About The Weavers Who Weave Sesha Vastrams for Tirupati Balaji

The five-meter-long white vastrams (dhoti) with a maroon color silk border worn by Lord Venkateswara at the Tirupati Balaji Temple in Tirumala on the first day of the annual Brahmotsavam is known as Sesha Vastrams or Eruvada Jodi Panchalu. This holy dress for Lord Balaji is prepared by a group of weavers at Gadwal Town in Mahbubnagar District in Andhra Pradesh. The traditional loom used to weave the holy dress is only used for this purpose, The weavers perform special austerities and observe Vrata while weaving the dress, which is completed in six weeks.

Brahmotsavam in Tirupati Balaji Temple coincides with the Navratri (September – October).

S. Sandeep Kumar writes about this unique holy dress making in The Hindu

The Konkathi family has been weaving ‘Sesha Vastrams’ for the past 10 generations, on a decree from the Gadwal royal family. Chief weaver K. Venkateswarlu makes the designs and all the five of them weave the vastrams on a traditional loom in their house. The loom is used only once in a year and none is allowed to enter the room where it is kept, say family members.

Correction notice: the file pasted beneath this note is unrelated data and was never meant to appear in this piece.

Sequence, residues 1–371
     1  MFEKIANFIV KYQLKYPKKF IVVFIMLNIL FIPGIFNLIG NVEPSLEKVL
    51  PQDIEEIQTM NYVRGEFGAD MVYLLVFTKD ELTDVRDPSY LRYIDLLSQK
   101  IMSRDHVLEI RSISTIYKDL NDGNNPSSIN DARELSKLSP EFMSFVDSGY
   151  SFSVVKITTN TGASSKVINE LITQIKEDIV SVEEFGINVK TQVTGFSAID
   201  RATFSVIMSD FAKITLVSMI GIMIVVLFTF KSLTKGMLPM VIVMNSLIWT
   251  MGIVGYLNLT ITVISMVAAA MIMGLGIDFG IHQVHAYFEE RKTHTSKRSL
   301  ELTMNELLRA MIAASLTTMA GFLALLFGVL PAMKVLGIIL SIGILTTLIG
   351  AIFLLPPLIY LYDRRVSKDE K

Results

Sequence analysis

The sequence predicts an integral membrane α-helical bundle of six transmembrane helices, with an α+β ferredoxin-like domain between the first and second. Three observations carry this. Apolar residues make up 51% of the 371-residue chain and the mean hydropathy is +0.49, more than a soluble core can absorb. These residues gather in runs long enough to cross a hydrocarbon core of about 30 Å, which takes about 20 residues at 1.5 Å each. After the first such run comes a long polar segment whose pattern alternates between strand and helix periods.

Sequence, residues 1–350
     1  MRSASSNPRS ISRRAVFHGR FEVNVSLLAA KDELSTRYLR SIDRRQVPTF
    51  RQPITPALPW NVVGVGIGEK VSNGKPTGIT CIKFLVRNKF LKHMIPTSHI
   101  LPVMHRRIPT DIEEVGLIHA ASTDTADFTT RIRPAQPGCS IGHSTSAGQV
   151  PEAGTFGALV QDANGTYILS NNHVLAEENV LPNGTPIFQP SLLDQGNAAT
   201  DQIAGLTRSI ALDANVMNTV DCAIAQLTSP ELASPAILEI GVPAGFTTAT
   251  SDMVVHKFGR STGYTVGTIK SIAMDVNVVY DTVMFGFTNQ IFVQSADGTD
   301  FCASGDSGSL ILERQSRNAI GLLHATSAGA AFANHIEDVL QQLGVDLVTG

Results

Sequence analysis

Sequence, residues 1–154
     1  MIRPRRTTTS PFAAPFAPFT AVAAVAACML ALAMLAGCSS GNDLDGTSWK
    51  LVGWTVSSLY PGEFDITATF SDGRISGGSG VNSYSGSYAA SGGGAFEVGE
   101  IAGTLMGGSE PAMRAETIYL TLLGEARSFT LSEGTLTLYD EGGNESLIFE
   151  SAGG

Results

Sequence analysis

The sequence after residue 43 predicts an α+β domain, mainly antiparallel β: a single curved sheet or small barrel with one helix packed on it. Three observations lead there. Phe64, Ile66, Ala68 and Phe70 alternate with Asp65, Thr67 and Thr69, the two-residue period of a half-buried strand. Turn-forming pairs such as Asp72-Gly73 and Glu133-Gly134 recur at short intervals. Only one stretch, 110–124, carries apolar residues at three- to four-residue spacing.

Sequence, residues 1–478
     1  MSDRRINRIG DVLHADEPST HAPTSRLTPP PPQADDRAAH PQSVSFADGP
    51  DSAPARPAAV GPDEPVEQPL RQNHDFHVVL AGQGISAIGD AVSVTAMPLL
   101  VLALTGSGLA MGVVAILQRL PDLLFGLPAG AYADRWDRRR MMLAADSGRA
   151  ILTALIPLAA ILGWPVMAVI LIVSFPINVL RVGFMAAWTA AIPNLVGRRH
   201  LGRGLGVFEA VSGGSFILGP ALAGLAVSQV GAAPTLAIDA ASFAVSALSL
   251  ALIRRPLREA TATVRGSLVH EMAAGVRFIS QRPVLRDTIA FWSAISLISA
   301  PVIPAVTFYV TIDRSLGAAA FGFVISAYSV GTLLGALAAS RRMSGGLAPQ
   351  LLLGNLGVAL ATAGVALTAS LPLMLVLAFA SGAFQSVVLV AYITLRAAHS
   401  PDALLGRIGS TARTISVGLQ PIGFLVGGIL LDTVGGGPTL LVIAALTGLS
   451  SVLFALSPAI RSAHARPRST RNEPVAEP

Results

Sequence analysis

The family brings superior quality cotton from Coimbatore in Tamil Nadu and Chirala in Andhra Pradesh. The weavers, adopting the traditional practice, work for over six hours a day to weave the vastrams. It costs nearly Rs 15,000 for raw materials and the total would jump to around Rs. 40,000 by the time the vastrams are presented to the Tirumala Tirupati Devasthanams. “But we charge only for the raw materials,” Mr. Venkateswarlu says.

The weavers stay at the Konkathi house until weaving is completed. They cook their own food after daily pujas. The food materials are bought in advance and kept in the room separately.

After the vastrams are woven, special pujas are performed and then these are presented at the Peshkar’s office at Tirumala, says Mr. Venkateswarlu, a tenth generation weaver in the family.